During the long legal process, she says she got to know the members of the group, and became “obsessed” with the fact that of the approximately 100,000 Ethiopian Jews who have settled in Israel in the last two decades, only about 3,000 have received a college degree, and only 5 to 15 percent of that small number have found “appropriate jobs” reflecting their level of education.
“It was a hard realization that even my colleagues were not giving these people interviews,” Ovadia recalls. “I decided I would try to help.”
This is a story about how one individual can make a difference in effecting societal change, but the subtext is the reality of a culture where discrimination is so ingrained. The saga of the Ethiopian aliyah is both heroic and troubling. It includes the dramatic rescue of thousands of people virtually overnight as part of Operation Solomon in 1991 — truly remarkable. But it also includes the disturbing statistics since then that indicate a widening social, economic and educational gap between Ethiopians and other Israelis.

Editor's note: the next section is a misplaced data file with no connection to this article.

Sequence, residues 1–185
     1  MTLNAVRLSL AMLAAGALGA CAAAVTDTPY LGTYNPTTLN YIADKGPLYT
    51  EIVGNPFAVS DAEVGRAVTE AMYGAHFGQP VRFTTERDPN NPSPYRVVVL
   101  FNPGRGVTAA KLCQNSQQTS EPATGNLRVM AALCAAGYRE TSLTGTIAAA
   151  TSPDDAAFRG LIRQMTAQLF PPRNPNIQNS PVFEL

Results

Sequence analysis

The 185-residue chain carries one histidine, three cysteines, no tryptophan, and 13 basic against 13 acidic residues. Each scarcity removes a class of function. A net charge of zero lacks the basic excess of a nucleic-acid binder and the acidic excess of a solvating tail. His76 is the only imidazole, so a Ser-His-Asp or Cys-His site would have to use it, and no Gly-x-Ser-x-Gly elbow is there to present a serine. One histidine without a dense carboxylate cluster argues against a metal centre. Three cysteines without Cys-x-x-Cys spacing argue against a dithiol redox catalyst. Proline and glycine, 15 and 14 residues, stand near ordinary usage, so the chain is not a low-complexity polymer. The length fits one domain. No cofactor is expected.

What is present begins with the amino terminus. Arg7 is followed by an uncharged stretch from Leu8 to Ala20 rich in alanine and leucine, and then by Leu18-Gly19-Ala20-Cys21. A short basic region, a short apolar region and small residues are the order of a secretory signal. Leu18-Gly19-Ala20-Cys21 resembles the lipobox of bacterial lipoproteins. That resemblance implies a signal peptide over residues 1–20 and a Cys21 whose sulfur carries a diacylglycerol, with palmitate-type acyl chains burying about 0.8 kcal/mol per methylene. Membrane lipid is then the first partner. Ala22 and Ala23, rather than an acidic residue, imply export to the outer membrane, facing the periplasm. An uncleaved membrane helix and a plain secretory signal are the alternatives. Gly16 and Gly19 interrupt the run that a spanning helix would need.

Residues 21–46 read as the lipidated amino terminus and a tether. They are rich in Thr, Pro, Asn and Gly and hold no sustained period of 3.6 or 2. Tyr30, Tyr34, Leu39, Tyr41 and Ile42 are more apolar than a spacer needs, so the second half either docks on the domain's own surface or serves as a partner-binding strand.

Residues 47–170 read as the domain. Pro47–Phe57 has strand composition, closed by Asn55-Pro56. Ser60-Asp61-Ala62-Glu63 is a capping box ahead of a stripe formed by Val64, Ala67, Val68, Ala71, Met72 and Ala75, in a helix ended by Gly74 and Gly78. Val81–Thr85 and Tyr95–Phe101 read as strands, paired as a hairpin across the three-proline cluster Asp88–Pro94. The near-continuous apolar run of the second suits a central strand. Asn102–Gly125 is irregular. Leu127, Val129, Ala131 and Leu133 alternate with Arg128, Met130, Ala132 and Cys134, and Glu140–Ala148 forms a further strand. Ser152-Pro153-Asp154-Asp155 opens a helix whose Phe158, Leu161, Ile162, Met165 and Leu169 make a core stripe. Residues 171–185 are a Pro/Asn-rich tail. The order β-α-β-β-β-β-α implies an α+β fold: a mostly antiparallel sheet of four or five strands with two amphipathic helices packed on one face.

The majority of Ethiopian immigrants lives in poverty and does poorly in school; they have high dropout rates and alarming numbers in terms of crime and drug use.
“Israelis are not racist, but they are prejudiced,” says Ovadia, suggesting that since “we don’t see and meet them” on a regular basis — the Ethiopians often live in the poorest neighborhoods — most Israelis tend to believe negative stereotypes about them, such as they do not make for good employees or colleagues.
Ovadia set out to change the status quo, one person at a time, blending her grand vision of an Israeli society of equals with a more pragmatic approach that aims to train and place 1,000 Ethiopian immigrants in professional jobs.